Anachan's Corner

One woman's journey through marriage, motherhood, and the classroom…

A Little Spam

Written By: Anachan - Jun• 25•16

When I had my World of Warcraft or Star Wars: The Old Republic blogs, I was greatly interested in my statistics. I knew next to nobody read them, but it was still exciting to keep a list of the countries from which random hits on my blog had come. (“Yes! Someone in Moldova visited my blog! Where’s Moldova . . . ?”) By the time I “retired” from World of Warcraft raiding, I had collected a list of roughly 130 countries for that particular blog, and the fact I had received over 1500 hits on my page about configuring the WoW add-on Vuhdo for use by Restoration Druids was immensely exciting. (People even searched for it!)

So it’s not too surprising that I would be at least somewhat interested in the statistics on this blog, as well, keeping an eye on the few hits each page gets and thinking, “Well, even if they don’t stay and read, there are a few people, at least, who manage to find the place.” While most visitors appear to hit one or two pages, at most, every so often, I can figure out that someone must have hung out on the page and read a bunch of poetry or something like that. But there are some statistics I must look upon with a raised eyebrow.

You see, because I don’t do much blog promotion (“Hey, family, I posted on my blog!”) I don’t expect to see much traffic on it. So in the beginning, I placed no real controls over comments aside from automatic filtering.

Boy, was that a mistake!

At first, nothing happened. I actually had two legitimate comments from my sisters. And then, one day, I received my first comment spam.

People who try to spam blogs try to be clever, including things in their comments which may get past automatic filters, such as, “It really made me think,” or “I like how your site is organized.” But, in the end, their only goal is to get you to either click on the link they’ve posted after their token comment or the link attached to their user ID, and they really have nothing sincere to say about your blog.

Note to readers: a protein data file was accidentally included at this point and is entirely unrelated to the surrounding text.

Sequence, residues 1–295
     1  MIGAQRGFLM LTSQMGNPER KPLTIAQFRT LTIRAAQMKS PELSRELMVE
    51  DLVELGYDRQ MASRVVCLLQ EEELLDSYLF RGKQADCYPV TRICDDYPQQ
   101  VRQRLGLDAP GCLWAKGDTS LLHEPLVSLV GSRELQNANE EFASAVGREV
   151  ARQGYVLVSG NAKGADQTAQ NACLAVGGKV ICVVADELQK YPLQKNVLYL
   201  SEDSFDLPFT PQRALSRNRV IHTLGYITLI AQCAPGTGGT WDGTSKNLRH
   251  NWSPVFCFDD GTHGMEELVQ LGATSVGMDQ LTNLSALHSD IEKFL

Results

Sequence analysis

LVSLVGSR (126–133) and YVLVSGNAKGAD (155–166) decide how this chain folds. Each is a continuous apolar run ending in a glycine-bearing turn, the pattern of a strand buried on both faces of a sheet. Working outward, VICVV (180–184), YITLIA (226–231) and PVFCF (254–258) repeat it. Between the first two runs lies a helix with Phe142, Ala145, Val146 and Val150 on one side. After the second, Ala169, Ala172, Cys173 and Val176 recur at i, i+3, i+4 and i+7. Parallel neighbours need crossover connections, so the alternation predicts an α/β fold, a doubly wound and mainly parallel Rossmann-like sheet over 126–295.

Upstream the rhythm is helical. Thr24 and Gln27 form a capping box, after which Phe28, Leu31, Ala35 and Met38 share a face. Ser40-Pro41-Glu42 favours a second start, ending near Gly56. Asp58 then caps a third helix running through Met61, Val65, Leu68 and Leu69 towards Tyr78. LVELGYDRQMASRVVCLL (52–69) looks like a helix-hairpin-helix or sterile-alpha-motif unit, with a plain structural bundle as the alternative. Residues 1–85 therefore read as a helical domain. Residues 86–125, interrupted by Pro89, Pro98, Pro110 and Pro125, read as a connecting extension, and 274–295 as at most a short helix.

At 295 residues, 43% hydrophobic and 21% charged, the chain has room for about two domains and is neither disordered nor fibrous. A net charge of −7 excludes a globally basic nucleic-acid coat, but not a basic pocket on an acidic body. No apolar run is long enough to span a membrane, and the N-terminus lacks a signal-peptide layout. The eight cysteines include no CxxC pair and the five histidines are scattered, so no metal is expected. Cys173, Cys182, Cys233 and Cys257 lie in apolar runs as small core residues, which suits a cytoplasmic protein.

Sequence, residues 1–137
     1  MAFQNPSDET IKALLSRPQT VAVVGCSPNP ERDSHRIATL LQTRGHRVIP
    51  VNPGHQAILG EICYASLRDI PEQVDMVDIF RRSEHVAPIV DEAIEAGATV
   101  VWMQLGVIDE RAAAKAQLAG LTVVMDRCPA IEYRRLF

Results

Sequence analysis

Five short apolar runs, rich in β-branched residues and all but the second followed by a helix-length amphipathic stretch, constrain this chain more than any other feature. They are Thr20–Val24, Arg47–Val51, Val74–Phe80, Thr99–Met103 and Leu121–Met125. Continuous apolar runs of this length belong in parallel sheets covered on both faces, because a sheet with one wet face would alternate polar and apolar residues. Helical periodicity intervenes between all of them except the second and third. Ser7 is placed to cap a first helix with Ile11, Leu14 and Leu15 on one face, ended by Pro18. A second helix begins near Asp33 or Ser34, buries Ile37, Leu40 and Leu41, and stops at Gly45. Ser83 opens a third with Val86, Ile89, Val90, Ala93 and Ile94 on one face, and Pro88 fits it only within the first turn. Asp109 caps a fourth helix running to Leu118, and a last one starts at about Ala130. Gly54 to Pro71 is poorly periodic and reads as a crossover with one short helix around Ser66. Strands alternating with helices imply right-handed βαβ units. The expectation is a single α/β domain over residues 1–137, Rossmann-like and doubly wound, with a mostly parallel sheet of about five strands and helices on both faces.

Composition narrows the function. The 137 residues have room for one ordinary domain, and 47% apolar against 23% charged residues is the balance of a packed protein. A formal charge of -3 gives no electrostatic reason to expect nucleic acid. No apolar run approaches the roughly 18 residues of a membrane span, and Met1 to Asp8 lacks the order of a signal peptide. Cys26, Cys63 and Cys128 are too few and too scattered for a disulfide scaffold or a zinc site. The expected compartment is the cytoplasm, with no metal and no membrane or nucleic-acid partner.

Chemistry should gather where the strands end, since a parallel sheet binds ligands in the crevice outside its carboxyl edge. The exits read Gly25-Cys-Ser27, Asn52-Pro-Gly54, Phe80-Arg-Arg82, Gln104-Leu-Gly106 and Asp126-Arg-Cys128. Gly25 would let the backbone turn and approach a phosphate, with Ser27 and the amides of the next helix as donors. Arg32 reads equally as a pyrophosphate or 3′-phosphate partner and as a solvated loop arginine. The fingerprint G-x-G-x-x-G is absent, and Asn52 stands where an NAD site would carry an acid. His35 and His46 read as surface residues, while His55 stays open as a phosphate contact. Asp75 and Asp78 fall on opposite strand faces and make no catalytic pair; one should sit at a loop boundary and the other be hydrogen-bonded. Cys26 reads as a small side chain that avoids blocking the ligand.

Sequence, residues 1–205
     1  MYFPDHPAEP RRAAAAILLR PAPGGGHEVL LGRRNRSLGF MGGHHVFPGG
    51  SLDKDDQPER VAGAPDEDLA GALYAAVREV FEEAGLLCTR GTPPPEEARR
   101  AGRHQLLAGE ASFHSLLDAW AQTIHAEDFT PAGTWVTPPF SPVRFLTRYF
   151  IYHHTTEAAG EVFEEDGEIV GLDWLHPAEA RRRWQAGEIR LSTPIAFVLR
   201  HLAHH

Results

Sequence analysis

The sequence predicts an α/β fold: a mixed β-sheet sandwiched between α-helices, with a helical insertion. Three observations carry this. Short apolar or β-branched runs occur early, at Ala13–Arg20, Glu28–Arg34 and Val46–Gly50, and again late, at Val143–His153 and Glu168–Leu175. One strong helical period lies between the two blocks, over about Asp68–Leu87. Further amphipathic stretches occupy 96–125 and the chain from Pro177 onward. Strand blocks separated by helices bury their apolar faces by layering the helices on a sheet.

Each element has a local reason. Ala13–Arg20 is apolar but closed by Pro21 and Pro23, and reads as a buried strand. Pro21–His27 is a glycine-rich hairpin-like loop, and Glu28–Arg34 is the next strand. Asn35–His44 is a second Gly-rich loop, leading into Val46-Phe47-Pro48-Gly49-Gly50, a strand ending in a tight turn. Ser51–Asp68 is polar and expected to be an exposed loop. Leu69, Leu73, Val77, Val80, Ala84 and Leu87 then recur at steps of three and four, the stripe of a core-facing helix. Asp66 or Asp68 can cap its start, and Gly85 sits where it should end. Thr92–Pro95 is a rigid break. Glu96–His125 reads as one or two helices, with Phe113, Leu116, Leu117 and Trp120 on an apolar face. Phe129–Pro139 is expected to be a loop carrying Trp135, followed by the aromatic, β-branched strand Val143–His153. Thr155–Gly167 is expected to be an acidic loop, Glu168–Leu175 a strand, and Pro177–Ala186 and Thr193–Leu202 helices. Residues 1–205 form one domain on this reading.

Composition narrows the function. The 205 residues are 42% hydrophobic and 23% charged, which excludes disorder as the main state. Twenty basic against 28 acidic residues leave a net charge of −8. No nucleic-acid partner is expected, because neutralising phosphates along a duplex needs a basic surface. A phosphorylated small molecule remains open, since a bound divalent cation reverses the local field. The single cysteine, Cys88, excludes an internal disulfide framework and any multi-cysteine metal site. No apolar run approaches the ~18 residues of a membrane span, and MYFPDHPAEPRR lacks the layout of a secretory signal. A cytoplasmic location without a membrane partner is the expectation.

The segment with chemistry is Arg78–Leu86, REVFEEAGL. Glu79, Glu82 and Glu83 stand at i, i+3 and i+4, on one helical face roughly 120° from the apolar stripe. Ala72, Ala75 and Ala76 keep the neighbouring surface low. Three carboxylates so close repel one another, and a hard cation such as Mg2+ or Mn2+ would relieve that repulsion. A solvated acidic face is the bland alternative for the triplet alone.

I deleted the first one and thought that was that. Of course, it wasn’t.

There must be a “hit list” somewhere for potential websites on which to post spam, because the floodgates were opened. After deleting several, I became annoyed and decided to require all comments to be moderated before they could be posted.

It was a good decision. Over the next few months, I found myself deleting what I considered to be insane numbers of attempted spams from all over the world. (“/sigh . . . Really? I have to skim 200 probable spam comments? Good thing I’ve been practicing my speed reading!”) In the time it takes me to write a post, before I’ve even gone through and edited it the seven or so times which I know I will end up doing, I can expect to have up to half a dozen spam comments appear in my moderation queue. The subjects seem to trend. Sometimes, the majority of the spam will be about travel or web design or herbal remedies; sometimes, Chinese manufacturing or importation. Most recently, the spammers seem to be trying to sell clock parts or flashlights.

So what does this do to my statistics?

Well, it does raise the number of countries from which my blog receives hits. (Fine with me. A hit is a hit is a hit, as far as my country collection goes.) And, while it does blow the statistics of a few pages out of proportion, it is interesting to note that only a few pages’ statistics get blown out of proportion. The spammers seem to attach their spam primarily to three particular posts, which means I can reasonably guess that the statistics on the other pages are probably fairly accurate.

I’ll still keep the occasional eye on my statistics, even though I don’t monetize my blog or do something else which would actually warrant it . . . yet . . . I just hope the spammers continue to follow the three posts they’ve already chosen to target; it will make my life easier.

138 countries, so far.

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